More than 8,000 women participated in the NIH-funded study, which was conducted in part at UNC. The vaccine was partially effective at preventing herpes simplex virus type 1 (HSV-1), but did not protect women from herpes simplex virus type 2 (HSV-2).
First results from ongoing Phase III trial show malaria vaccine candidate, RTS,S* reduces the risk of malaria by half in African children aged 5 to 17 months
The University of North Carolina at Chapel Hill enrolled 1,600 children at the study site in Lilongwe, Malawi.
This is the first study to demonstrate active replication of HIV virus in a cell type other than immune T cells and which may help to predict patients at greatest risk for HIV dementia.
A new study led by researchers at the University of North Carolina at Chapel Hill finds that there may be a limit to how early the therapy, known as HAART, should start.
The UNC Center for AIDS Research (CFAR) plays an active role in education and outreach, and provides developmental grant awards to support new ideas and new investigators in HIV/AIDS research.
July 13, 2011 – A new study by investigators from the University of North Carolina at Chapel Hill School of Medicine has confirmed the existence of a “trial effect” in clinical trials for treatment of HIV and also shows that effect has diminished over time.
July 11, 2011 -- Researchers at the University of North Carolina at Chapel Hill have been awarded a $32 million, five-year federal grant to develop ways to cure people with HIV by purging the virus hiding in the immune systems of patients taking antiretroviral therapy. Tackling this latent virus is considered key to a cure for AIDS.
July 8, 2011 – Adaora Adimora, MD, MPH, professor of medicine in the Division of Infectious Diseases in the Department of Medicine at UNC, has been appointed to the Advisory Council of the National Institute of Allergy and Infectious Diseases.
In comparing data from experiments with Hepatitis A and Hepatitis C, the research team found that Hepatitis A virus, which causes only acute, self-limited disease, is more efficient at inhibiting the host’s interferon response, and that the virus can actually linger in the body for almost a year.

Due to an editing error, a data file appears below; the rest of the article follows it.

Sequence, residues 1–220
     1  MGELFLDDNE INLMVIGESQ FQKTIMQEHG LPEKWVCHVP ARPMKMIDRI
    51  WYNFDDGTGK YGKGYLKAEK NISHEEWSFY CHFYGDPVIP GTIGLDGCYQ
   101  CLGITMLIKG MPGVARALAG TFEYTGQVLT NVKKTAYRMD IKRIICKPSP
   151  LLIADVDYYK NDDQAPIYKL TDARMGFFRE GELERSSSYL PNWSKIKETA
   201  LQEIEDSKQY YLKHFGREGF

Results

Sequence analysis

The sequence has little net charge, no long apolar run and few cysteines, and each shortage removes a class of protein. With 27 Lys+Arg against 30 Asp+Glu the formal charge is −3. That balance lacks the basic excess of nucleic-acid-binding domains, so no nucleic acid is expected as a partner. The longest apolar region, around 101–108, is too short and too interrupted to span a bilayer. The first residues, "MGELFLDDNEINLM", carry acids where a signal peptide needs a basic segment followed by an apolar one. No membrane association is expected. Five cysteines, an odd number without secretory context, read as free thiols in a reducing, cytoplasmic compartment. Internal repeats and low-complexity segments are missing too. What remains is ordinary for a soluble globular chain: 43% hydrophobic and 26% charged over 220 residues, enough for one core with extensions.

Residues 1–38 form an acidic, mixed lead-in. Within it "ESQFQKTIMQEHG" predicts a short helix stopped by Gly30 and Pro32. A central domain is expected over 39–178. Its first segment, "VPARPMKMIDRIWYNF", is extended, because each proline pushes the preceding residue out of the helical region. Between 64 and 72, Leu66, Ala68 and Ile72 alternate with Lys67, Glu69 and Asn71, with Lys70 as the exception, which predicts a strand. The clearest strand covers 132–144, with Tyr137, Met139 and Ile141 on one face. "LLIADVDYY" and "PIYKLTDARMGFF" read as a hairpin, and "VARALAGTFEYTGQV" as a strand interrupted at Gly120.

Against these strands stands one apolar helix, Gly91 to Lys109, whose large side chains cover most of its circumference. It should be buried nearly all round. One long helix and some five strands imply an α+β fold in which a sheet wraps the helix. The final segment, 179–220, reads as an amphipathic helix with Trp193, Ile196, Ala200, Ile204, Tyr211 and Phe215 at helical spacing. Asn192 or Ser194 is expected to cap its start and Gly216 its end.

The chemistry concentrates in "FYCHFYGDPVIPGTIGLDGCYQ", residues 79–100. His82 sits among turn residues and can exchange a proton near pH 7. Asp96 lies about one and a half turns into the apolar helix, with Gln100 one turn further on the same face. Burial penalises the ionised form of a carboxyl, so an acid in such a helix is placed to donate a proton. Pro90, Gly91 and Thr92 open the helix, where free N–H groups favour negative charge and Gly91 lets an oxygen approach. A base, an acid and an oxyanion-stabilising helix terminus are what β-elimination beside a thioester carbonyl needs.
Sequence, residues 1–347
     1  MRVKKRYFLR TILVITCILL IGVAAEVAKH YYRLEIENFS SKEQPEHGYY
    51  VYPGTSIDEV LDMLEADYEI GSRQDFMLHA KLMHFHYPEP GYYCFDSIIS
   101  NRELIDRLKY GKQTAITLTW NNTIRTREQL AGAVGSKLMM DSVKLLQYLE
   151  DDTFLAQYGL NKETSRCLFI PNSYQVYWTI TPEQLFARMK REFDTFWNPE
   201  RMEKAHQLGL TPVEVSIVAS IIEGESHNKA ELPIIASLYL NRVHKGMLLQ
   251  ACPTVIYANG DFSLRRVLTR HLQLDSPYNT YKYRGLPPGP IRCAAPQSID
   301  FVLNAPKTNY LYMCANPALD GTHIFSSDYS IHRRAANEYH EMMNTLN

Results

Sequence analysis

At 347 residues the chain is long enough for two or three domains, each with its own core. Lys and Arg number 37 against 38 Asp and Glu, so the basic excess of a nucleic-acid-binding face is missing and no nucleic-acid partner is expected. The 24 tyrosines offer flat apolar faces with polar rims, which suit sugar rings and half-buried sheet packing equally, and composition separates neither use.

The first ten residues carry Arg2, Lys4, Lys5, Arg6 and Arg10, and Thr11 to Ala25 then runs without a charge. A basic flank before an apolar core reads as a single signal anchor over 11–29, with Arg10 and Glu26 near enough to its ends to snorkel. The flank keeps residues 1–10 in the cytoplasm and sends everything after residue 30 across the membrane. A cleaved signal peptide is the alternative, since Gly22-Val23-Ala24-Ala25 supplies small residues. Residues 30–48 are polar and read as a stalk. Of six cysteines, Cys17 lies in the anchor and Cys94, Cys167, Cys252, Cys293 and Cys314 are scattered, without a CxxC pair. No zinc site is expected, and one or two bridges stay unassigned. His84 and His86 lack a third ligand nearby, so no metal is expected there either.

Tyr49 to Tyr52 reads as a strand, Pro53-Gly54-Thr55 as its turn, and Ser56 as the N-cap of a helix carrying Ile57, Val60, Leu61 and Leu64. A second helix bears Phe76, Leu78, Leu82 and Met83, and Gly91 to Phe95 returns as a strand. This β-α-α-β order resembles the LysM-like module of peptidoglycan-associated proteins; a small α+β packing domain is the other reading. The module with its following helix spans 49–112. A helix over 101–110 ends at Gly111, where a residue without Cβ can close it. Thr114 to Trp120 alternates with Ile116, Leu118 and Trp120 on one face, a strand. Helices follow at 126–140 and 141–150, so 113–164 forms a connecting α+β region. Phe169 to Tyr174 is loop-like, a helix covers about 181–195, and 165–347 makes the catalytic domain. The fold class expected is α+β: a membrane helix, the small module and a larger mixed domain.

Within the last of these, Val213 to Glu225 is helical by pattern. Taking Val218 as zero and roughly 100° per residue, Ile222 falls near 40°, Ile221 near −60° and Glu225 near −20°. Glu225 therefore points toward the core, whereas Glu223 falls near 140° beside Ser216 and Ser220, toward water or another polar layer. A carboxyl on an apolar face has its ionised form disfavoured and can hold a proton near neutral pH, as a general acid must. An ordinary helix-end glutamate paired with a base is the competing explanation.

UNC researchers have been awarded the prestigious Charles C. Shepard Science Award in the category of Prevention and Control by the Centers for Disease Control and Prevention for their paper titled, “Maternal or infant antiretroviral drugs to reduce HIV-1 transmission.”
A new study from the University of North Carolina at Chapel Hill School of Medicine further validates the use of humanized BLT mice in the fight to block HIV transmission.
UNC-led international study shows early treatment with antiretroviral therapy prevents HIV transmission
A research study led by the University of North Carolina at Chapel Hill has made a major discovery in the effort to halt the spread of HIV, the virus that causes AIDS.
The USAID-funded Lilongwe Relief Fund Trust of Malawi (LMRFT), in collaboration with the University of North Carolina (UNC) at Chapel Hill and several other public and private partners, has begun implementing the Safeguard the Family Project, which is aimed at decreasing mother-to-child transmission of HIV and reducing maternal and infant mortality.
The 18th Annual Conference on Retroviruses and Opportunistic Infections (CROI) wrapped up in Boston, Massachusetts, earlier this month, and UNC had a strong presence at this year’s conference.
The University of North Carolina at Chapel Hill School of Medicine has launched a new program which will expand both the research and clinical capabilities of the University.
UNC researchers Jeff Dangl, PhD, and P. Frederick Sparling, MD, have been named fellows of the American Academy of Microbiology
Fellows are elected in recognition of excellence, originality and creativity in the microbiological sciences, and have built exemplary careers in basic and applied research, teaching, clinical and public health, industry or government service.